Current practice is to harvest from executed prisoners
BEIJING – China’s Health Ministry said it is starting its first nationwide organ donation system in an attempt to stop the practice of harvesting organs from executed prisoners.
The program, which will be operated jointly with the Red Cross Society of China, calls for a database in which living donors can stipulate that their organs be donated after their deaths, according to a report in Wednesday’s China Daily.
In a rare admission about a practice that until recently has been shrouded in secrecy, the Chinese government-run newspaper said 65 percent of organ donors were executed prisoners. Huang Jiefu, vice minister of health, was quoted saying that prisoners “are definitely not a proper source for organ transplant.”
Nicholas Bequelin, a researcher for Human Rights Watch, expressed skepticism about whether China would give up the harvesting of organs from prisoners.
“Certainly, it is a step in the right direction to set up a national organ donation system, but there are powerful vested interests that will constrain reform,” Bequelin said in a telephone interview from Hong Kong.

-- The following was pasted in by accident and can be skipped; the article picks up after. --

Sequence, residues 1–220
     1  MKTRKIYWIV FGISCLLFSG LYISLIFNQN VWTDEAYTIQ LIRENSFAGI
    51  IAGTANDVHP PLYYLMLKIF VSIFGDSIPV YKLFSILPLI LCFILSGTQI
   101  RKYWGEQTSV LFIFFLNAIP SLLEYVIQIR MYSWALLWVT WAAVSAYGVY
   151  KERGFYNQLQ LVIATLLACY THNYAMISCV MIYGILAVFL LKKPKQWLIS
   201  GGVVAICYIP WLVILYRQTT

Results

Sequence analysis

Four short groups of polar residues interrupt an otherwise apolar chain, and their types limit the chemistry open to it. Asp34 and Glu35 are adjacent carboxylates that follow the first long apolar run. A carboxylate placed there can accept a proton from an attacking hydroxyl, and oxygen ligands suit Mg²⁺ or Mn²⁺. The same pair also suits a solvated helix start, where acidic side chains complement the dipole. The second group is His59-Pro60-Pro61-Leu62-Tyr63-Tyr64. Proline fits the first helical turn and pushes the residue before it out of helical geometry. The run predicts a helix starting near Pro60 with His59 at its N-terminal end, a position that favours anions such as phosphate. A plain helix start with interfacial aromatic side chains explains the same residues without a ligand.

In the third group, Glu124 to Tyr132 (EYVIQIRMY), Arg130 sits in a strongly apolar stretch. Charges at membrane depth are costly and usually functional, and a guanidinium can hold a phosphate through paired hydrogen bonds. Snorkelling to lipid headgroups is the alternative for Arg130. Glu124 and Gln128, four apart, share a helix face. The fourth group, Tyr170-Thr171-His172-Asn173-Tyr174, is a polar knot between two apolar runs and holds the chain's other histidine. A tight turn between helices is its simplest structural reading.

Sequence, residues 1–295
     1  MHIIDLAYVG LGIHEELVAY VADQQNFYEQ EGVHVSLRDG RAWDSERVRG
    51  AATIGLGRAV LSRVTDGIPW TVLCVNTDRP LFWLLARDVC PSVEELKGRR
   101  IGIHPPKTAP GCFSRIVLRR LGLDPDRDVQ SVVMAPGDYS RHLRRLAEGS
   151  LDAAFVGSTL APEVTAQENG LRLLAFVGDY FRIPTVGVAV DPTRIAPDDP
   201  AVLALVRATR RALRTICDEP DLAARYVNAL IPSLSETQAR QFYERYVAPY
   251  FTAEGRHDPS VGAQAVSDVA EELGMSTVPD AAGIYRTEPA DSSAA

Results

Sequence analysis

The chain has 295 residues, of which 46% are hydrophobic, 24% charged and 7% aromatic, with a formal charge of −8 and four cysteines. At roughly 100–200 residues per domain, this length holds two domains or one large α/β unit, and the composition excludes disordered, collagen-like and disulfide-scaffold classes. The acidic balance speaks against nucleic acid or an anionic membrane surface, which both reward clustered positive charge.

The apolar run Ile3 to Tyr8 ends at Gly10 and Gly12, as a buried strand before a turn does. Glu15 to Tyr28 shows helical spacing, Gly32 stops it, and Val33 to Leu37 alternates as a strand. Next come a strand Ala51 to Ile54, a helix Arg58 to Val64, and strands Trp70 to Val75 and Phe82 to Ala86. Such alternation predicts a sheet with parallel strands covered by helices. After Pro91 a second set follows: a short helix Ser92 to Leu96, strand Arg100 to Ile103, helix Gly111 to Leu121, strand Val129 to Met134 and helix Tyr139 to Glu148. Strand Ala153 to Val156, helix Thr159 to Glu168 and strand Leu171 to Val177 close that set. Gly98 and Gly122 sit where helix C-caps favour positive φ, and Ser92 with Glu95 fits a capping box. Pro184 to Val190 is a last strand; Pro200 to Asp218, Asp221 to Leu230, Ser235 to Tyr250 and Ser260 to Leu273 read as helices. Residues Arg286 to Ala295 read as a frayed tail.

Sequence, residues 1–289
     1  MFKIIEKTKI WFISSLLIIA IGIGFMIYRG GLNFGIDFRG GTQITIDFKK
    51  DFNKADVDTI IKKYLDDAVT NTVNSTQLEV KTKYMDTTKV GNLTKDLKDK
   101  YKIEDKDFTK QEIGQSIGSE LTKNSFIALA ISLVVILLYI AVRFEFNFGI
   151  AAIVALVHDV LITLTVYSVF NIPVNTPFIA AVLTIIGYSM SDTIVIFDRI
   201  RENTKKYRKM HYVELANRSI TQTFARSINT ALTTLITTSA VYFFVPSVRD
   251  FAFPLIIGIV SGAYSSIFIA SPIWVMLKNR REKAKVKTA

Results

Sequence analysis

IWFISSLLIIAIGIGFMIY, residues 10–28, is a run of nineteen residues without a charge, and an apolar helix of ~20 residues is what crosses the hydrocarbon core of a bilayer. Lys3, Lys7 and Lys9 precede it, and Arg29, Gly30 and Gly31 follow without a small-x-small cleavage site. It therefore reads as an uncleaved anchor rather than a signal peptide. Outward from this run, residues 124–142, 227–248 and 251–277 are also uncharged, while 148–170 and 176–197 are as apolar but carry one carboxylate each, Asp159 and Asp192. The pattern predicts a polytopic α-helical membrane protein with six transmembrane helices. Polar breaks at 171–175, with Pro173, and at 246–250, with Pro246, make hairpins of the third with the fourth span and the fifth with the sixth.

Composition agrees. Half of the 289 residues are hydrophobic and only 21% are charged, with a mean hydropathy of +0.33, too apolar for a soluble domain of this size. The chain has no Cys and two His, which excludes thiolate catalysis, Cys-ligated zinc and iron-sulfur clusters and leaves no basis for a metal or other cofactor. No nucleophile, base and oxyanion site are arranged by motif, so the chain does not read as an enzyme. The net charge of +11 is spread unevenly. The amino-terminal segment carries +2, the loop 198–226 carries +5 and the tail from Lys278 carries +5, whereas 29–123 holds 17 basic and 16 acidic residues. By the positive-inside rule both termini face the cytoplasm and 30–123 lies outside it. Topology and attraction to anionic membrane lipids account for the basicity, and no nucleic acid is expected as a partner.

China is believed to conduct more judicial executions than all other countries combined; Amnesty International put the number for 2008 at 1,718.
Before prisoners are executed they go through extensive blood testing to match them with potential organ recipients and receive injections to inhibit blood clotting and other treatments to improve the chances of a successful transplant. Afterward, the bodies are usually stripped of corneas, livers, kidneys and other organs.
“It is an incentive to execute people,” Bequelin said. Although prisoners in theory give their consent, he said, “we don’t believe those who sign are in a position to give free and informed consent.”
In the run-up to the 2008 Summer Olympics in Beijing, the Chinese government was chagrined by publicity about buyers coming from the United States, Canada, Israel and elsewhere in search of organs. As a result, China enacted tighter laws governing the private sale of organs and closed down Internet sites that were advertising their services as middlemen.
Huang, the vice minister, was quoted in Wednesday’s paper saying that the new database was designed to make organs available for about 1 million Chinese on waiting lists for transplants.
“Transplants should not be a privilege for the rich,” he said.
The database is to begin as a pilot project in some areas, including Shanghai, and later will be introduced nationwide.